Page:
As Failed Merger Recedes, Omnicom Revenue and Income Growth Picks Up

Across Four Major Disciplines, Revenue from Advertising Increased the Most

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Omnicom CEO John Wren, who once planned a mega-merger with rival Publicis Groupe.
Omnicom CEO John Wren, who once planned a mega-merger with rival Publicis Groupe. Credit: Bloomberg

Worldwide revenue at Omnicom Group increased 6.4% to $3.87 billion in the second quarter of 2014 compared to the second quarter in 2013. Net income increased 12.3% to $325.2 million.

Financial results picked up steam after a first quarter in which the agency holding company's revenue increased 3% and net income grew only 0.2%. Omnicom's 2013, which was dominated by the news of its plan to merge with rival Publicis Groupe, saw revenue grow 2.6%. The companies called off the merger this May.

Still, second-quarter results included $1.8 million of pre-tax charges in connection with the proposed merger with Publicis, mostly due to professional fees, the company said. (Publicis also announced its second-quarter earnings today.)

Omnicom owns creative agencies including TBWA Chiat Day, DDB and BBDO; media buying and planning shops such as PHD and OMD; and PR shops including Fleishman-Hillard and Ketchum.

Omnicom's U.S. revenue increased 7.8% from the second quarter last year, to $2.05 billion, while international revenue grew 4.9% to $1.82 billion.

Organic revenue, encompassing continuing operations and excluding the effects of events such as acquisitions, increased 7.9% in North America, 2.1% in Europe, 5.1% in Asia Pacific, 7.8% in Latin America and 2% in Africa and the Middle East.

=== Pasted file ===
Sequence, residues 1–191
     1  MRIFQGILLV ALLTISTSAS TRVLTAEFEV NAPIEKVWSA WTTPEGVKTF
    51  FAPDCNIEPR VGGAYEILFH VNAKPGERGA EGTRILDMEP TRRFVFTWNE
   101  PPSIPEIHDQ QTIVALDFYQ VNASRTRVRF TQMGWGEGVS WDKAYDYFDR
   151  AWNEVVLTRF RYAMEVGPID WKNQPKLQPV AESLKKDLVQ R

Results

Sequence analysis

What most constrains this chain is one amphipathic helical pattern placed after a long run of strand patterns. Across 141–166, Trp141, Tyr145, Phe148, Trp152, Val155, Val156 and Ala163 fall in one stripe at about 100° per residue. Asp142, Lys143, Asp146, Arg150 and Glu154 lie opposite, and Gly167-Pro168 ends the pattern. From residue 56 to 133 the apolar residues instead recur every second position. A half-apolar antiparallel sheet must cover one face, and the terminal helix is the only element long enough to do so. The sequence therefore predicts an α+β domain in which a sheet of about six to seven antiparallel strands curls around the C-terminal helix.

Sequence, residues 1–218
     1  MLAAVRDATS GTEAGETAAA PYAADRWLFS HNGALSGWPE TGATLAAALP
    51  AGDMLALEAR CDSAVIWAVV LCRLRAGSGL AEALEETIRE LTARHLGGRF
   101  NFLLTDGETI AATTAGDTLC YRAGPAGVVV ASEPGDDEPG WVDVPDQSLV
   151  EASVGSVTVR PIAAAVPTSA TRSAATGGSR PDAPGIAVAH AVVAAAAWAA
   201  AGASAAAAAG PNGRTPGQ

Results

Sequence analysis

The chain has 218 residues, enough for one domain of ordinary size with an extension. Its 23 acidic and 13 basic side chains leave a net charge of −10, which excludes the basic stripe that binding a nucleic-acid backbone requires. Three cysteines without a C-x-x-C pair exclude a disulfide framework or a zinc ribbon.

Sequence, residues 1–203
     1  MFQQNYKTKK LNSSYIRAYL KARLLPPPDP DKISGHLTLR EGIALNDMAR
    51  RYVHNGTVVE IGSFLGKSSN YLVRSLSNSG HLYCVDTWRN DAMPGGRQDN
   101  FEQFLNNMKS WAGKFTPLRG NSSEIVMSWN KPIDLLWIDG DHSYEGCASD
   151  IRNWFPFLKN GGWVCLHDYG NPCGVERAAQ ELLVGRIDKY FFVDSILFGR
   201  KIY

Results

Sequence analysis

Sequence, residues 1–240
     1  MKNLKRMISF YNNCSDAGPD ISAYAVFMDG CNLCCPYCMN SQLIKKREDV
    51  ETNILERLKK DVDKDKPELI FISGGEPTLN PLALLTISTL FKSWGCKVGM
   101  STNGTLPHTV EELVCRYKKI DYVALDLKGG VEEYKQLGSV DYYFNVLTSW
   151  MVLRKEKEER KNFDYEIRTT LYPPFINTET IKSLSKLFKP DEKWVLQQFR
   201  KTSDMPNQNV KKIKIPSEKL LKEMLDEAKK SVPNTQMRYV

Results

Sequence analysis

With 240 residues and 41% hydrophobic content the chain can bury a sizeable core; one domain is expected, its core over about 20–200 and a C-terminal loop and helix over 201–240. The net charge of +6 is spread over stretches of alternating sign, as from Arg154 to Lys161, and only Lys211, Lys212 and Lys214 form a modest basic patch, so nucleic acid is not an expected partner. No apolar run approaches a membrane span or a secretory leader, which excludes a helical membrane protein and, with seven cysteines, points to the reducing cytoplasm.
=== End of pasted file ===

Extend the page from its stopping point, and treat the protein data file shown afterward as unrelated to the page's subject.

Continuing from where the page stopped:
Across disciplines, organic revenue from advertising saw the biggest boost at 10.5% while public relations increased 4.1%, customer relationship marketing was up 1.1% and specialty communications was essentially flat with 0.2% growth.

"It's the strongest organic growth we've had in a while," said CEO John Wren. "We're on track to meet 2014 revenue and margin targets."

"The biggest driver was the company's performance in the U.S.," he added. Organic revenue growth of 8.8% was propeled by media operations, he said, including continued strong results in search, social media and programmatic trading.

He also cited $2 billion in new business wins in the first half of the year, including Johnson & Johnson, Sony, Heinz and several new assignments from the pharma sector.

Omnicom also used the opportuinty of the earnings discussion to emphasize that it would continue to define digital not as a business but as a medium or technology, implying that it will continue to focus on diversifying its existing creative agencies rather than investing in large digital agencies. That seemed to be an attempt to draw a contrast with Publicis, which has touted its strengths in its digital agency businesses and its plans to buy more.

As he did on the last earnings call, Mr. Wren called out analytics group Annalect and digital trading group Accuen as high priorities given their strong performance. Accuen revenue was up $30 to $40 million year-over-year, said Omnicom CFO and Exec VP Randall Weisenburger, calling it a "newish business."

"We are buying specific media and we are re-selling that at a -- hopefully, an increased price, in most circumstances," Mr. Weisenburger said, "since the profit that we make our revenue or our return is going to be based upon the difference between that purchase price of the media and the sale price of the media."

It's rare for media companies, aside from WPP, to publicly talk about acting as a principal rather than an agent in digital media buying. But the numerous questions about programmatic buying and digital trading on the earnings call suggested an appetite for more understanding about how adland is profiting from digital media buying, particularly as digital video opportunities arise.

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CORRECTION: An earlier version of this story incorrectly attributed discussion of Accuen on Omnicom's earnings call to CEO John Wren instead of CFO Randall Weisenburger.

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